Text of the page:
Northwestern’s road to the District 11 boys soccer championship didn’t start this season. It began last year with a young team that improved throughout the season and played its best in late fall.
This year’s team, with most of last year’s roster still intact, picked up right where last year’s team left off. Then went one step further.
The Tigers earned their first district boys soccer title since 2004 when they topped Salisbury, 2-0 last Thursday at Whitehall High School.
Coming into the season with nine of last year’s starters returning from a team that reached the league playoffs and district final last season, the goals were clear this season for Northwestern’s boys soccer team and they included league and district titles.
The Tigers achieved the first of those last Thursday, outlasting Moravian 1-0 in the Colonial League title game.
The Tigers capitalized on a corner play early in the first half and then got an outstanding effort from goal keeper Kyle Bellhorn.
When Northwestern suffered its first loss of the season last week, 1-0 to Salisbury, the team had to choose a path.
It could let the loss pull it downward or use it as learning experience and motivation.
The Tigers did the latter. They headed into Monday’s rescheduled contest against Moravian Academy, the only other unbeaten team in the Colonial League ready to erase the loss from their memory.
The did just that, beating the Lions 3-0 to remain the only undefeated team in the league. The loss to Salisbury was a nonleague game between the two league rivals.
Success can’t always by measures by wins and losses.
Sometimes it comes in the form of a tie.
Northwestern’s 1-1 tie against Northern Lehigh last week was a victory of the Tiger field hockey program.
“I think it could be a turning point for our season since they know what they can do and what kind of heart they could put into playing every game,” said Northwestern head coach Lissa Opolsky. “It could lead us to good things and good success in the end.
With three runners missing from the varsity line up, the Northwestern girls cross country team had to readjust its goals heading into the annual early-season DeSales Invitational.
Most years the Lady Tigers are looking to win it. This year, with two seniors taking SATs the day of the race and another senior resting an injury, the goal was a top-five finish Saturday in Center Valley.
Northern Valley isn't the kind of team that likes to make things easy.
Heading into their final four games of the season, the Chargers felt they needed at least two wins to secure a postseason berth. That remaining schedule included the league's last place team as well as three of the Lehigh Valley League's top four teams.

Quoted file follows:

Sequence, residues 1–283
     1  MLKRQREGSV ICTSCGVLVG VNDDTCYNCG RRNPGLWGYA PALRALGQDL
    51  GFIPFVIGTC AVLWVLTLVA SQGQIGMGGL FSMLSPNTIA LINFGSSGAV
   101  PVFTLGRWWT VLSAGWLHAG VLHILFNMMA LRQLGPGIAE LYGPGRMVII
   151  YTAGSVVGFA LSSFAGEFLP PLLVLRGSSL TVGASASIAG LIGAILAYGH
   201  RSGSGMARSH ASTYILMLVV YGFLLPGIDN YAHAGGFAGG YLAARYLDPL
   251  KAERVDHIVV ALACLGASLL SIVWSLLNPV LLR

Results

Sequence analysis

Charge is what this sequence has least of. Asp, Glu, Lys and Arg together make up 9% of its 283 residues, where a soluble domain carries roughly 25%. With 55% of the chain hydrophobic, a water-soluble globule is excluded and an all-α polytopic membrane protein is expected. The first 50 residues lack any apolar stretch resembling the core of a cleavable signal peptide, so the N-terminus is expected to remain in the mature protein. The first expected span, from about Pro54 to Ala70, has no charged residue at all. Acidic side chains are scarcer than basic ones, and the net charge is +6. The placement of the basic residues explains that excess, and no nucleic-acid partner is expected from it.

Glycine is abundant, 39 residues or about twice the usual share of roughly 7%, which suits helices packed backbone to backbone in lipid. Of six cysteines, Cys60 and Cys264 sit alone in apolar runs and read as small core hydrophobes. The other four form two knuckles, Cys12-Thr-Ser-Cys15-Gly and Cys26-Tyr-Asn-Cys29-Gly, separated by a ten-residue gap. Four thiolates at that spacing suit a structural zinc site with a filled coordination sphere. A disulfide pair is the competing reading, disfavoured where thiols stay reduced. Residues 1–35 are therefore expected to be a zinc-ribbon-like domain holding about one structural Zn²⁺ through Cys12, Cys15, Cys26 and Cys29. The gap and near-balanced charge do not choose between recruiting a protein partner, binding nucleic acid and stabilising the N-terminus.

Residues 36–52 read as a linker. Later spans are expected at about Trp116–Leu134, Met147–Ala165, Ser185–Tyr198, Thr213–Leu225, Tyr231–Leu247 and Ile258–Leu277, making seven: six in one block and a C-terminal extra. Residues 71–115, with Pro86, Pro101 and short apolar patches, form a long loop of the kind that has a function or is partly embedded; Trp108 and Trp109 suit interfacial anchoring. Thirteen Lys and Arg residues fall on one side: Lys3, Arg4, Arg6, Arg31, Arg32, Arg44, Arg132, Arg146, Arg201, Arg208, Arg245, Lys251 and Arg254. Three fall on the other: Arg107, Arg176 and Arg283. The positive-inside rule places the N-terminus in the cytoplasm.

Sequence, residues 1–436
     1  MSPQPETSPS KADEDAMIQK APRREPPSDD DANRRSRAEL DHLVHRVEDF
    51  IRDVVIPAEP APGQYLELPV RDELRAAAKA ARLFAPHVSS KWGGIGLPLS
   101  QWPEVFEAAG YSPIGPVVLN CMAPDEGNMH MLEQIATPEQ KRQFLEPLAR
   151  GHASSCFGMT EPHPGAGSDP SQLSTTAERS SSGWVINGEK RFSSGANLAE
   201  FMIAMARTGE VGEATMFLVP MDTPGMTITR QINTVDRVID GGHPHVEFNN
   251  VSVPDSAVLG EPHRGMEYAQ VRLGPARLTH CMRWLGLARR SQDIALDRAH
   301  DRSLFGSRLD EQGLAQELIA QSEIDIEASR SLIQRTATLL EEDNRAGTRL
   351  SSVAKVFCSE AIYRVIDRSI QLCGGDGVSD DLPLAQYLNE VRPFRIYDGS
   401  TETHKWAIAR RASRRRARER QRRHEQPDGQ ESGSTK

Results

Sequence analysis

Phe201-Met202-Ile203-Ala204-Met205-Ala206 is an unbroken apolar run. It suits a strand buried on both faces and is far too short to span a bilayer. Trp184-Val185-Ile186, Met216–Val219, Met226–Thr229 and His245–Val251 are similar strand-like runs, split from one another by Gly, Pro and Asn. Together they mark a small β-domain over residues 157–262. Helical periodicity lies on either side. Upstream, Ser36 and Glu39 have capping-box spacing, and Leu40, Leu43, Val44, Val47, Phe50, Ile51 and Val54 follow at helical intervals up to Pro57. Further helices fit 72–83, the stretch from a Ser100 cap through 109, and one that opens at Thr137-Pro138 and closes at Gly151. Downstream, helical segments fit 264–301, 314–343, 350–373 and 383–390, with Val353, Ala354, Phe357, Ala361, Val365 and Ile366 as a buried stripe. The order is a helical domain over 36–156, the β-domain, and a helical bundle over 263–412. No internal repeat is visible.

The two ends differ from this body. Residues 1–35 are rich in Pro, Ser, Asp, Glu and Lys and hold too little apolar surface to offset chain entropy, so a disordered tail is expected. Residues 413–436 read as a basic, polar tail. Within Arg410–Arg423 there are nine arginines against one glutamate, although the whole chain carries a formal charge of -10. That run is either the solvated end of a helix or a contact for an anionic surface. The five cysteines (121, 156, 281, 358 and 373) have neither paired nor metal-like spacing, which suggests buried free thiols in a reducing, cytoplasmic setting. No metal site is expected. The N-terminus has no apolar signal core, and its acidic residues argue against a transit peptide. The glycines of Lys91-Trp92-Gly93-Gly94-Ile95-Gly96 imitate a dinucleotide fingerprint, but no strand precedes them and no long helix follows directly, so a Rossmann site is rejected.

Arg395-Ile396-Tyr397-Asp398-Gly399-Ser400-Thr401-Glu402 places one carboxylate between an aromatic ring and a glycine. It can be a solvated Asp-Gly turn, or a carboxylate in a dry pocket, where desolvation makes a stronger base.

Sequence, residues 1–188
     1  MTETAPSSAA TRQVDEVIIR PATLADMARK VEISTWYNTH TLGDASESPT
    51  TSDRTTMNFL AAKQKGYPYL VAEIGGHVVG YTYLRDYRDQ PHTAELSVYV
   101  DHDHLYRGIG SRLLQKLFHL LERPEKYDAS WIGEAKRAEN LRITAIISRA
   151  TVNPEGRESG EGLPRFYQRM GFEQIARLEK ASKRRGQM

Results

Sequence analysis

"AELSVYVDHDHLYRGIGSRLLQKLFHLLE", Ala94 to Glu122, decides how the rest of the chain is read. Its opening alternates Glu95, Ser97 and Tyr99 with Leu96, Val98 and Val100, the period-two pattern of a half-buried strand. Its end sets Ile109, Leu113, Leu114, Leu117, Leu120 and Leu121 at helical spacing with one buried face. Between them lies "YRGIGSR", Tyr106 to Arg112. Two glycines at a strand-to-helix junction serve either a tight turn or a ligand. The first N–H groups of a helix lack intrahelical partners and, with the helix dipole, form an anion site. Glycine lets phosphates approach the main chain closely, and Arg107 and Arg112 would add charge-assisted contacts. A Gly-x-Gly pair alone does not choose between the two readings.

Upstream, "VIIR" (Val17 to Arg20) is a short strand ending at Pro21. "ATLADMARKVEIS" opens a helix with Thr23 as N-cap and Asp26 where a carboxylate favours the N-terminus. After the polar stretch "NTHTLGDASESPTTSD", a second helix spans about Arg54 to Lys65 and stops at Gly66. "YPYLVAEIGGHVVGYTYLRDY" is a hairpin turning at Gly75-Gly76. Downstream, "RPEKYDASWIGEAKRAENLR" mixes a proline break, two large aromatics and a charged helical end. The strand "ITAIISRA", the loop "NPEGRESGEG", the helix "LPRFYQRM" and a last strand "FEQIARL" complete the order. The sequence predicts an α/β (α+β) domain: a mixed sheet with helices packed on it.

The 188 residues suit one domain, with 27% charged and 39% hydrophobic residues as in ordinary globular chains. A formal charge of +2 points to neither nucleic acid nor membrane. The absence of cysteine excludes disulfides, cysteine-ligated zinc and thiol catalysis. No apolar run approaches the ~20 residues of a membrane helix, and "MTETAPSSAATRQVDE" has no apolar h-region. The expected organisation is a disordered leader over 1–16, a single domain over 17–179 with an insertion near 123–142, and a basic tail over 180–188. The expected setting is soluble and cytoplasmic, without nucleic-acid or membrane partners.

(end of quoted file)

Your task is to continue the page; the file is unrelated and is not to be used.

If there's one thing Len Smith wants to be remembered for, it's that the program has always been about the players. While he was at the helm for more than three decades, the team was always at the forefront.
That's why Smith kept it to himself all season. He had serious thoughts about retiring from coaching early in preseason, but he didn't share those thoughts until well after the season.
"This isn't about me," he said. "This is about the kids. I didn't want the focus during the season to be on me. I wanted the focus to be on the kids."
It wasn't long ago that Northwestern looked like a team that would get a bye right into the Colonial League baseball semifinals.
The Tigers had a two-game lead in the division with two weeks left in the season. That lead slipped away and they dropped to the No. 3 seed, which meant they would have to play a quartefinal game.
The spring high school sports season went by quickly after cold and ice forced a late start. While the regular season went quickly, Northwetsern's girls softball team is hoping for a long run in the postseason.
The Lady Tigers won three games over four days from Friday to Monday, including Saturday's nonleague win over Lehighton that clinched a District 11 playoff berth.
"We're not done," said Northwestern head coach Josh Zimmerman. "We're keeping the pedal to the medal. You want to play you best softball at the end of the season and I think we're doing that right now."
Competitive swimming is all about dropping time. When swimmers are not getting faster, they feel like they're standing still.
Northwestern senior Trey Shackleton kept getting faster through three years of high school swimming, culminating this season when he finished his career with a second-place finish at states.
He might have been hoping to go a little bit faster in his final high school swim, but his second-place finish last month in the PIAA 500-yard freestyle championship was one place higher than he finished in his first two trips to states.